California Agriculture

Subsidizing Obesity

A new analysis published in JAMA Internal Medicine raises the possibility that agricultural policies are subsidizing obesity. In their analysis, Karen Siegel and colleagues find that consuming food from subsidized agricultural commodities is a risk factor for obesity and cardiometabolic disease. They conclude:

Nutritional guidelines are focused on the population’s needs for healthier foods, but to date food and agricultural policies that influence food production and availability have not yet done the same.

A closer look reveals a complex picture. The cross-sectional design of this study prevents definitive conclusions about cause and effect. “Agricultural subsidies are one part of an entire panoply of cardiometabolic risk factors,” the authors say.

In a companion commentary, Raj Patel builds on that theme of complexity. He points out that “commodity subsidies are a small part of a bigger problem.” Patel, a professor of public policy, systematically explains that subsidies are not the primary reason for processed foods being cheap. It’s a complex story of policies that promote poverty and environmental harms. Those factors multiply the health effects of cheap, highly processed foods.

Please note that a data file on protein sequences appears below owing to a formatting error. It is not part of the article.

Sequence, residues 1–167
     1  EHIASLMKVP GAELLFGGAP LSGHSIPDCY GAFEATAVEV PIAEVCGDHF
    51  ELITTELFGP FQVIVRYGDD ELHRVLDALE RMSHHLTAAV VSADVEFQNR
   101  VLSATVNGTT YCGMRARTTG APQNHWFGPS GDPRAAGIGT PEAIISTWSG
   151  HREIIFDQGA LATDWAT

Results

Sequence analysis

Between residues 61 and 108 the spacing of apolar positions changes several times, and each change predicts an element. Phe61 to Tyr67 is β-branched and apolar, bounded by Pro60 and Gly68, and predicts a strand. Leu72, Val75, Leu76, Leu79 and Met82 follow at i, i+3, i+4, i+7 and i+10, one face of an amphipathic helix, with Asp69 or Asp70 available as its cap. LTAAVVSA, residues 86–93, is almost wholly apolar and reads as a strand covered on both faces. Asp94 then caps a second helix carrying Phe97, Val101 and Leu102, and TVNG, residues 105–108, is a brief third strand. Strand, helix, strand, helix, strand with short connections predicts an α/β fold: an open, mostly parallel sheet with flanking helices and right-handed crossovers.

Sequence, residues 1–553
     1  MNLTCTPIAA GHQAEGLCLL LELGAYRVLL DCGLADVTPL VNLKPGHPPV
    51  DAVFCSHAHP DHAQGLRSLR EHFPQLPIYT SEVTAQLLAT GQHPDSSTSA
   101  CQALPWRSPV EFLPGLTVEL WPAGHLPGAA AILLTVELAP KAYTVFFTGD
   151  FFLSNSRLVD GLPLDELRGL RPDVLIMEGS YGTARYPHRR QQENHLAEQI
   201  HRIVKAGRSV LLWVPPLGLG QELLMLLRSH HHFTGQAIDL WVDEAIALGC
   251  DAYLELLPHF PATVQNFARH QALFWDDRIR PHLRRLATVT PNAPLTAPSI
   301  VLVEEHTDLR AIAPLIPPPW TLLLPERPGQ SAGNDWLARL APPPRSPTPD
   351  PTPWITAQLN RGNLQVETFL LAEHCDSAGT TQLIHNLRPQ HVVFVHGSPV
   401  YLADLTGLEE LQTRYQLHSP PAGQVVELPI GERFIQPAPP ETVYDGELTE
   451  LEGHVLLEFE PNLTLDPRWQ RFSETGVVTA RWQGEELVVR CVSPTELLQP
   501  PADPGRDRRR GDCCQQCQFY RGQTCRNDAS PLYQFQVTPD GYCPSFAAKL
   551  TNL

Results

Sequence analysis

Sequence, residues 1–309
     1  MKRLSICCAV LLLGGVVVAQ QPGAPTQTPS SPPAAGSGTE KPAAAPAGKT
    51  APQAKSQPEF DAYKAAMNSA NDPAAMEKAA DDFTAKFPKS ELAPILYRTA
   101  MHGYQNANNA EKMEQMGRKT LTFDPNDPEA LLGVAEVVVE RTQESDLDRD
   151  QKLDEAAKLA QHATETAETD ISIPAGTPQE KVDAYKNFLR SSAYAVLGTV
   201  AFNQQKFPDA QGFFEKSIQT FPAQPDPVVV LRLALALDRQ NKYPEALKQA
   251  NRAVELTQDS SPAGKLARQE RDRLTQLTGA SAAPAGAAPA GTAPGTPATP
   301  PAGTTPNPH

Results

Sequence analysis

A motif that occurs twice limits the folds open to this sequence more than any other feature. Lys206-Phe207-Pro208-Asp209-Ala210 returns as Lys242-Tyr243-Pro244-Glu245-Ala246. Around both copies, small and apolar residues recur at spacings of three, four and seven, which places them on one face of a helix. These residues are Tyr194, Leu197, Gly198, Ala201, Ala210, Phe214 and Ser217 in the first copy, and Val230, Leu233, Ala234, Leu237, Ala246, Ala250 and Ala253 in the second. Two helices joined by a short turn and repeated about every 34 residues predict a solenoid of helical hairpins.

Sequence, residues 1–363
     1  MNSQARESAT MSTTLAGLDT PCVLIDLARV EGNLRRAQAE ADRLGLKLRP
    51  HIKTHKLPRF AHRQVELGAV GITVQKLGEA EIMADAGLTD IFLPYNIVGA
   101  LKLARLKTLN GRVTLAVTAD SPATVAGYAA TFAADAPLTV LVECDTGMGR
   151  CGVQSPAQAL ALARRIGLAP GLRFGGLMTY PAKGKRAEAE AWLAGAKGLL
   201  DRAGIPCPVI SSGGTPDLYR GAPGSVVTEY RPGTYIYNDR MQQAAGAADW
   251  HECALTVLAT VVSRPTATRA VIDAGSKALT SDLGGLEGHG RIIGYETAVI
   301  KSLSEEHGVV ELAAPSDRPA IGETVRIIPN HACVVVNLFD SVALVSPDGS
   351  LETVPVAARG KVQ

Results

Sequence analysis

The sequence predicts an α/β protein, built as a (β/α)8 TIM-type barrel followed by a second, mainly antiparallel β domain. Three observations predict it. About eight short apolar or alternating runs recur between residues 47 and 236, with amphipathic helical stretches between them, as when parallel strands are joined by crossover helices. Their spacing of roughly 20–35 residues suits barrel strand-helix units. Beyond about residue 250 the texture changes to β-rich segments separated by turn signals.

These papers are as much about political science as they are about health science. The politics of agriculture are contentious. Perhaps that’s why we’re living with obsolete policies that promote the cheap production of more calories than the public needs. They were designed to solve problems that no longer exist.

There’s plenty of room to disagree with Patel’s analysis. But what is clear is that the problems he describes are tough ones to solve. And without solving them, we are likely to continue to produce a food supply that undermines public health.

Click here for the study and here for the commentary. Click here for more perspective from NPR.

California Agriculture, photograph © Gina Collecchia / flickr

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July 9, 2016